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Other Questions About JIA Medications

What about vaccinations?

We need vaccines to help prevent infections. JIA itself does not cause problems with the vaccines. However, JIA medications can reduce the protection a child will get from vaccines. Some JIA medications can limit the type of vaccine that a child can safely receive. It may be risky to take certain vaccines.

Drugs that are safe with ALL vaccines

NSAIDs, sulfasalazine, and hydroxychloroquine do not change the immune system. ALL ROUTINE VACCINES ARE SAFE. 

Drugs that are safe with SOME vaccines

Corticosteroids, methotrexate, leflunomide, cyclophosphamide, azathioprine, cyclosporine, and biologics DO change the immune system.

The FOLLOWING VACCINES ARE SAFE AND RECOMMENDED:

  • diphtheria, tetanus, pertussis
  • inactivated polio
  • pneumococcus (Prevnar or Pneumovax)
  • meningococcus (Menjugate, Menjutec, Menactra)
  • hemophilus influenza type B
  • influenza (flu) vaccine
  • hepatitis B vaccine and hepatitis A vaccine
  • Gardasil: the vaccine for human papillomavirus

The FOLLOWING ARE LIVE VACCINES. They are considered UNSAFE with these drugs. THESE VACCINES SHOULD NOT BE GIVEN until these medications have been stopped for at least one to two months:

  • measles, mumps, rubella
  • oral polio vaccine
  • varicella (chicken pox) vaccine
  • BCG (the vaccine for tuberculosis)
  • yellow fever

If you have any questions about the safety of a vaccine, ask the doctor or nurse.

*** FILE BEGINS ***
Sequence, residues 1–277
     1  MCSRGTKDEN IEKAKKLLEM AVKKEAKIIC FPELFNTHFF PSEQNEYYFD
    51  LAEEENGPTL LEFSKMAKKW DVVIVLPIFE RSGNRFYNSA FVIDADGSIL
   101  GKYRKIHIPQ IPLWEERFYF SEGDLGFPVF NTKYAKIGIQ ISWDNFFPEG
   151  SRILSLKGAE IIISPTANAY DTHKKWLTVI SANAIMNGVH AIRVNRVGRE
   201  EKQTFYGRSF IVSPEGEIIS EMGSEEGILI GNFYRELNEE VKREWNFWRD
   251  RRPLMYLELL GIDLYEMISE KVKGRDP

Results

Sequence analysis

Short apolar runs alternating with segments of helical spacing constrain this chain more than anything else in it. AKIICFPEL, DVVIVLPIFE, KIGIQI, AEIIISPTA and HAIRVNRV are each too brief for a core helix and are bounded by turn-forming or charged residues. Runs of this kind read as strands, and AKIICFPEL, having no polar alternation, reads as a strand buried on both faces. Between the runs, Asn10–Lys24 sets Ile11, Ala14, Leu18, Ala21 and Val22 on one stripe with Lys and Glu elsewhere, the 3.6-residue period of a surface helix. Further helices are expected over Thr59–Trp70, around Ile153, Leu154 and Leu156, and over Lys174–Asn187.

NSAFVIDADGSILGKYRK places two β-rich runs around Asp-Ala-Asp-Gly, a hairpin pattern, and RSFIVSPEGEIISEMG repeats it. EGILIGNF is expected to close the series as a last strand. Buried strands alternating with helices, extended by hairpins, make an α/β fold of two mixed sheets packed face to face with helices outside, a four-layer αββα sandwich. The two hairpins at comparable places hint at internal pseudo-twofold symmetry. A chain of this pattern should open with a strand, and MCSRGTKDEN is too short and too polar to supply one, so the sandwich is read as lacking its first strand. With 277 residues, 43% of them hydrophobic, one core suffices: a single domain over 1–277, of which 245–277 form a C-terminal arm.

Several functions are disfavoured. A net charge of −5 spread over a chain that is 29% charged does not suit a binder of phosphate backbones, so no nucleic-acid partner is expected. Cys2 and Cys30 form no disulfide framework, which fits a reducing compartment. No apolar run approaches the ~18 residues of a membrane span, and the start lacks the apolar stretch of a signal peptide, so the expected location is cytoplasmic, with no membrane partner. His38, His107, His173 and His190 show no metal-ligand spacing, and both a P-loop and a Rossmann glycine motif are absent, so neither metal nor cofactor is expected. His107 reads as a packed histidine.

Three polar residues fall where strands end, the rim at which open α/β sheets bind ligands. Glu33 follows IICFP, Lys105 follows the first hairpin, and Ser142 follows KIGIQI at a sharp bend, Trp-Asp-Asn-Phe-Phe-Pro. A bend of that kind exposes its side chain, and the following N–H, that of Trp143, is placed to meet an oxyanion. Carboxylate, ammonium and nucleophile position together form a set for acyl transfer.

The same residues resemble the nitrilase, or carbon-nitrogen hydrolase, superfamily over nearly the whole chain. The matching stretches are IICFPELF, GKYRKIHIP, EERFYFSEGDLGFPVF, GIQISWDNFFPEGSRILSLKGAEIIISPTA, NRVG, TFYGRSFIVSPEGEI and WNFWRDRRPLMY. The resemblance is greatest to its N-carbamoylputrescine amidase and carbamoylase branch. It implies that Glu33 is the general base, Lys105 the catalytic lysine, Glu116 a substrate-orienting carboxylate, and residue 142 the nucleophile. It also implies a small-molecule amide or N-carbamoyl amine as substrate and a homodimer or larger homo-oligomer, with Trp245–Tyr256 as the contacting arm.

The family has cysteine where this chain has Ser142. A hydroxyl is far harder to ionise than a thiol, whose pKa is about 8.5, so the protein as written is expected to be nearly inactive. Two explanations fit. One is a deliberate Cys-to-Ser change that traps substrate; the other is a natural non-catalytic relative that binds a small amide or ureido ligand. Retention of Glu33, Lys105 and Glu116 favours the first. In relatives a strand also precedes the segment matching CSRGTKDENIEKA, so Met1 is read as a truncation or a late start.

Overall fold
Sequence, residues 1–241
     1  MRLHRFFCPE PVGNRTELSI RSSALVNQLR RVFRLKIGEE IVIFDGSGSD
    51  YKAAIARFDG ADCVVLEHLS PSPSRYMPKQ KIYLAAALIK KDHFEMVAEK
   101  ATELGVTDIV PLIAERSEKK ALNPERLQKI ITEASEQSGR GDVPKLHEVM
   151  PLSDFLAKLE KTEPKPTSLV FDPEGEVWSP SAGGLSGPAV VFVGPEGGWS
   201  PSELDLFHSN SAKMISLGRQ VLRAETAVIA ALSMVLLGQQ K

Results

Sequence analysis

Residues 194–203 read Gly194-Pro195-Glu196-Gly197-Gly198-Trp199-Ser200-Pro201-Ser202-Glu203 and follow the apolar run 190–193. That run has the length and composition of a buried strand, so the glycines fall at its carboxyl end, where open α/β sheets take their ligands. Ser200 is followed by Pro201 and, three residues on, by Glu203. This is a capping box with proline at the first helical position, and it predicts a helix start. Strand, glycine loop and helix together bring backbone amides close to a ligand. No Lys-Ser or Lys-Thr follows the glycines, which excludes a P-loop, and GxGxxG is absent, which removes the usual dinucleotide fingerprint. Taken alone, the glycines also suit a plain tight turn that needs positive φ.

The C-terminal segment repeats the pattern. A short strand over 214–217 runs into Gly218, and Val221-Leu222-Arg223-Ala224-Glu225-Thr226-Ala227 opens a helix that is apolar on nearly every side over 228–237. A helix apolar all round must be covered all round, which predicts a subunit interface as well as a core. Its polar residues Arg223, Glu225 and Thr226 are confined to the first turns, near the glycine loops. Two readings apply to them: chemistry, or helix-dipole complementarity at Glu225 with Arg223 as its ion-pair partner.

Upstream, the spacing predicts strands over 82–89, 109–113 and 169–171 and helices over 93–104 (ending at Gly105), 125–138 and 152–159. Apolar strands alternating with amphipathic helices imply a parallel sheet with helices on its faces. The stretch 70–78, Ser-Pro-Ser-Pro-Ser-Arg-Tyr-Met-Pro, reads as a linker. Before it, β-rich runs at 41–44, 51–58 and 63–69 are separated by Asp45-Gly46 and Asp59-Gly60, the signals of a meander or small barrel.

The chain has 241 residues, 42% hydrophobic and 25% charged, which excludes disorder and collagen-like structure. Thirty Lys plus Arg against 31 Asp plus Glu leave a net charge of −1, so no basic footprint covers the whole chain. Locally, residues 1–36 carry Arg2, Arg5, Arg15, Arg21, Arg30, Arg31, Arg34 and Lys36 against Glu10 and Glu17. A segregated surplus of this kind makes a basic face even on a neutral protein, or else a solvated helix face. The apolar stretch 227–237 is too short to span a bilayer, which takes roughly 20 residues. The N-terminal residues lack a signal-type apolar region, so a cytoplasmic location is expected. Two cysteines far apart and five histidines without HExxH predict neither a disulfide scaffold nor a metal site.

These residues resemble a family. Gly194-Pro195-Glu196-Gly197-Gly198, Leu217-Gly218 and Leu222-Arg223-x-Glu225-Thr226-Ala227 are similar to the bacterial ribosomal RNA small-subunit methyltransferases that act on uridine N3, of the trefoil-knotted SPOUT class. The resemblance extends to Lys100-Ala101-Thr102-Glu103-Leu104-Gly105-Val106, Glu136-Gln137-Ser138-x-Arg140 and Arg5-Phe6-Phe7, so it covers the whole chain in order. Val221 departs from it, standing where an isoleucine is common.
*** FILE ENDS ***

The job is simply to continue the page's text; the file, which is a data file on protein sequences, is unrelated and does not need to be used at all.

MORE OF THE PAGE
What about complementary and alternative medicine?

Complementary and alternative medicines are therapies that are not prescribed by the regular health care team. These include prayer, meditation, therapeutic touch, acupuncture, vitamins, minerals, supplements, or naturopathic or homeopathic therapies. There are many reasons why some people use complementary and alternative medicine.

The therapies prescribed by the regular health care team are called conventional medicine. Complementary medicine is used together with conventional medicine. Alternative medicine is used in place of conventional medicine.

Important safety points for complementary and alternative medicine

  • Talk to the doctor about any complementary or alternative medicines that you are considering. These can interact with JIA medications. They can affect how the body responds to JIA medications. They may lead to more side effects.
  • Remember that the label may not reflect what is in the bottle. Some of these treatments have ingredients not listed on the label. They may have much more or much less of the featured ingredient than their label states.
  • Even though they may be �natural,� these treatments can have side effects too.
  • The claims for many of these treatments can be attractive. They can claim to help improve, or even cure, JIA. They can promise to make a child feel better. Much of the information about these treatments is based on personal stories from patients or alternative health care providers. Although some of these treatments may help, they have not been scientifically studied.
  • Check with the doctor to make sure these treatments do not interact with JIA medication. In many cases, the doctor cannot say for sure that there will be no interaction. Many of these treatments have never been studied.
  • Do not stop any prescribed medications. Instead, use these other treatments in addition to the regular medicines. Be sure the doctors or nurses know about any complementary treatments.
  • Some of these treatments may suggest restricting certain foods in the diet. Make sure no essential nutrients are being reduced or cut out. Children require many nutrients to grow and develop properly. For example, if a treatment suggests reducing dairy products, remember that children still need the calcium for healthy growing bones and teeth.

Adam M. Huber, MSc, MD, FRCPC

Michael A. Rapoff, PhD

Lynn Spiegel, MD, FRCPC

Jennifer Stinson, RN, PhD, CPNP

Gillian Taylor, MSc(A)

Shirley Tse, MD, FRCPC

Lori B. Tucker, MD

12/27/2009




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